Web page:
Wednesday, July 27, 2011

The New Website is Live!!!

Check out the new Beth Israel Congregation website to learn more about our congregation, upcoming events, and congregational news!:

http://www.bethisraelwaterville.org

Israeli Song of the Week: God is One by Mosh Ben Ari

I love the integration of classical Biblical and Jewish truths into contemporary Israeli pop music. This song, God is One, is by the wonderful musician Mosh Ben Ari who has regularly bridged the divide between the tradition and secular Israeli society. As we approach the Book of Deuteronomy, which drives home the centrality of monotheism, I think this song is a great way to end the week!

Shabbat Shalom.




Tuesday, July 26, 2011

What is Missing from Our Synagogues?

As usual, an excellent piece from my professor, Rabbi Eliezer Diamond:

"So what is missing in our synagogues? Prayer is meant not only to comfort us but also to transform us. Shul should be a place where we become fully alive by acknowledging and embracing our private fears, hopes, anger, grief, and joy. It should be a place where we allow ourselves to feel compassion for ourselves and others. It should challenge us to take a moral inventory and to consider how we can lead better lives by embodying the righteousness and compassion that we attribute to God. The person who leaves the synagogue should be different from the one who entered it. And it is this transformational element that is missing in most of our shuls and, I believe, the true source of people’s disappointment with prayer, although they themselves may not realize it.

How do we change this? First, by teaching our congregants that in shul we are meant to, as I like to put it, pray alone together. Prayer should have a private dimension as well as a public one. Congregants need to be shown how to pray rather than simply recite prayers. This agenda has to be made explicit in a way that is both gentle and confident and it needs to be pursued intelligently. Important components include rabbis and cantors sharing their own prayer lives with congregants; (re)configuring the sanctuary so that the clergy are in the midst of the congregation—and this can be done even in so-called cathedral synagogues if there is the determination to do so and the congregation is educated about the importance of this shift; leading prayers in a way that signals that the shaliah zibbur and the rabbi are daveners like everyone else; using niggunim, which should be available at synagogue websites; and offering classes that encourage congregants to talk about their own prayer lives while simultaneously exposing them to the teachings of Heschel, Soloveitchik kabbalists, Hassidic masters, and contemporary works on prayer. These should be taught as Torah, with an eye towards finding relevance for oneself in these teachings."

Found in an Old City Sewer: A Bell from the Second Temple Period!

Don't find stuff like this everyday. Another testament to our long history in the Land of Israel:

Click Here for the article on the 2,000 Year Old Bell found in an Old City sewer.


Sunday, July 24, 2011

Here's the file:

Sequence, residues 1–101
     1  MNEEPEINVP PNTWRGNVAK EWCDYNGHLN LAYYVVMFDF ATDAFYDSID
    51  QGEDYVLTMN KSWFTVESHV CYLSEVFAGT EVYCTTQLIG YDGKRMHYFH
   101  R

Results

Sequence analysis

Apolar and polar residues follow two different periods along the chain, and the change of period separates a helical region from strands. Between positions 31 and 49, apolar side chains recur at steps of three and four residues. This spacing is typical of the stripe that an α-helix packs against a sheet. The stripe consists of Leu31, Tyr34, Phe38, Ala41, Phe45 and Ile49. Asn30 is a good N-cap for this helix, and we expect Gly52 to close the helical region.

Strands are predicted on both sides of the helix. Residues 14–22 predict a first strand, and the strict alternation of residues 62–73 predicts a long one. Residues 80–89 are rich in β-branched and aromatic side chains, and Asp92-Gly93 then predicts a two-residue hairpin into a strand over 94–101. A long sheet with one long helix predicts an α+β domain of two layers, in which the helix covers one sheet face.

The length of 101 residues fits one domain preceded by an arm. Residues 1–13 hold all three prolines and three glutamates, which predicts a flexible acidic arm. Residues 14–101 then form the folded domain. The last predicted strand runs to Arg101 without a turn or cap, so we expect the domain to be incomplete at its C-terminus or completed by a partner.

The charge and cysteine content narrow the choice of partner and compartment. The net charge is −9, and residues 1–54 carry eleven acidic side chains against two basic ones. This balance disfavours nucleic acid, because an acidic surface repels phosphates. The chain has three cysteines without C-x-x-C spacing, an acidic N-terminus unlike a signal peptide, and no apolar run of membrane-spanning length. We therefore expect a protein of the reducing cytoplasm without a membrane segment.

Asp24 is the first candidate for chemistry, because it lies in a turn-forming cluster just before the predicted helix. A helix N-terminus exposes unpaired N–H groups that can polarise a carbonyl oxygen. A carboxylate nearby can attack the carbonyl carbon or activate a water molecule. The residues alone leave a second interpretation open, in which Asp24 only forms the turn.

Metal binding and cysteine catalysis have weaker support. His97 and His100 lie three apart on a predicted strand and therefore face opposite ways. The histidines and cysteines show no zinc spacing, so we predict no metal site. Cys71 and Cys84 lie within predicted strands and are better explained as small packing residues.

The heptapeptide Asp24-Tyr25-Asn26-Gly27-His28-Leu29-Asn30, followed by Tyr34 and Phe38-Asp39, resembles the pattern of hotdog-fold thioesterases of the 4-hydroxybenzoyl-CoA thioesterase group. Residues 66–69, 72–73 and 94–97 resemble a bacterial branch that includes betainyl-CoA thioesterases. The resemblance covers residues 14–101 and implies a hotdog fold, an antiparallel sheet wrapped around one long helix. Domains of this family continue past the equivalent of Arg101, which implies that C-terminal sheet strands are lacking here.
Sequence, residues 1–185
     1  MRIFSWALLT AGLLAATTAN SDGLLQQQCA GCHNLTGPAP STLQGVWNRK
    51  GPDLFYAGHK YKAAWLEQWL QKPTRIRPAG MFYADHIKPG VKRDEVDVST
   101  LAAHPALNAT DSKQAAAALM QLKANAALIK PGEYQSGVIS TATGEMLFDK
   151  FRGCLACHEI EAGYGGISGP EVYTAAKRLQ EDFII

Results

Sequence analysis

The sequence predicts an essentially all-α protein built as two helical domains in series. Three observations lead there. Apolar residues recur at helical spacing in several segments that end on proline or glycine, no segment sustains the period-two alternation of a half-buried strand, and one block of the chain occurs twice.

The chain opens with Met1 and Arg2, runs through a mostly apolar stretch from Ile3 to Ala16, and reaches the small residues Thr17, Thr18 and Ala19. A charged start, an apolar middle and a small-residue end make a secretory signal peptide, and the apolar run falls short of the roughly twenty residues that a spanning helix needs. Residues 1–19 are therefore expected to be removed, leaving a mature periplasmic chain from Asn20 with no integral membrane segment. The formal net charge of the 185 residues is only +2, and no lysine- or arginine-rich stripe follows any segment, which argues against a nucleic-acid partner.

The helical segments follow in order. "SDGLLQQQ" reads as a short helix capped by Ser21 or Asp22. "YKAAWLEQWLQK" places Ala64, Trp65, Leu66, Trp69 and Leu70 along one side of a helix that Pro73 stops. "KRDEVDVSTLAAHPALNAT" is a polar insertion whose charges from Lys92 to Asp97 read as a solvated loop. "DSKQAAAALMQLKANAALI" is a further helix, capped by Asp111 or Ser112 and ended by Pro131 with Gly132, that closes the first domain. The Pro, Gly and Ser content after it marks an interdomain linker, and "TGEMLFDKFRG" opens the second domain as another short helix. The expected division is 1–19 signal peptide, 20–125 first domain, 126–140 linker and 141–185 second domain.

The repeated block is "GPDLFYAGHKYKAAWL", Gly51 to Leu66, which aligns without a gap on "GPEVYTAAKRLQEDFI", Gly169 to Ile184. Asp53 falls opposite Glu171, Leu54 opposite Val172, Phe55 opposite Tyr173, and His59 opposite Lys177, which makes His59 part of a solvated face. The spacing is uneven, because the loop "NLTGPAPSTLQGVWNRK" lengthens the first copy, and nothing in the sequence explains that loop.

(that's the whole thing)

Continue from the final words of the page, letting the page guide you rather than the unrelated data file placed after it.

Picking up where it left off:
Access Texts! On the Importance of Promise Keeping and the Value of Life over Property

Check out the sermon and source sheet from this week's services:

Click here for my sermon on the importance of promise-keeping in this week's portion and in the Jewish faith more broadly.

Click here for a text study on the appropriate role and value of money in our faith.

As always, email me with any questions or comments about the texts!

From the Waterville Morning Sentinel!



Check out this article about my new beginning at Beth Israel Congregation!



Tuesday, July 19, 2011

A Call for Support

Beth Israel Congregation, like so many other small congregations in America, is working hard to survive and thrive as the home of Conservative Judaism in Central Maine.

I have written the following letter to raise money for new mahzorim (high holiday prayer books) for our congregation. It will be mailed out to members soon, but I wanted to put it online for other supporters to help us achieve our vision.

Here is the text of the letter: If you click here, you can print an order form and a hard copy of the letter:

July 18, 2011/ 16 Tammuz 5771


Dear Beth Israel Community:

This past Shabbat, I was granted the great honor of beginning my tenure as rabbi of Beth Israel Congregation. It is with great joy that I look forward to sharing many more shabbatot with our community, and it is with great anticipation that I look toward the approaching High Holidays. Over the past few months, I have been brainstorming with many members of the community regarding how to best serve Beth Israel Congregation and how to modernize, invigorate, and update our learning and prayer services.

One of the steps that we must take as a community is purchasing new mahzorim, High Holiday prayer books. Our current books do not include transliteration, compelling English readings, or relatable translations of liturgy. Unfortunately, they do not allow us to provide accessible services to the majority of our congregation.

Thankfully, there is a new, beautiful prayer book published by the Conservative movement that includes all of these missing elements. You can preview the style and content of this mahzor, named Lev Shalem (A Complete Heart) at http://www.rabbinicalassembly.org/mahzor/Sample.html. I have spoken to several rabbis and congregants around the country about this book, and it has garnered praise from all corners of the Conservative movement. With this book, we can send a message to the greater Central Maine Jewish community that the services we provide speak to our time and our needs.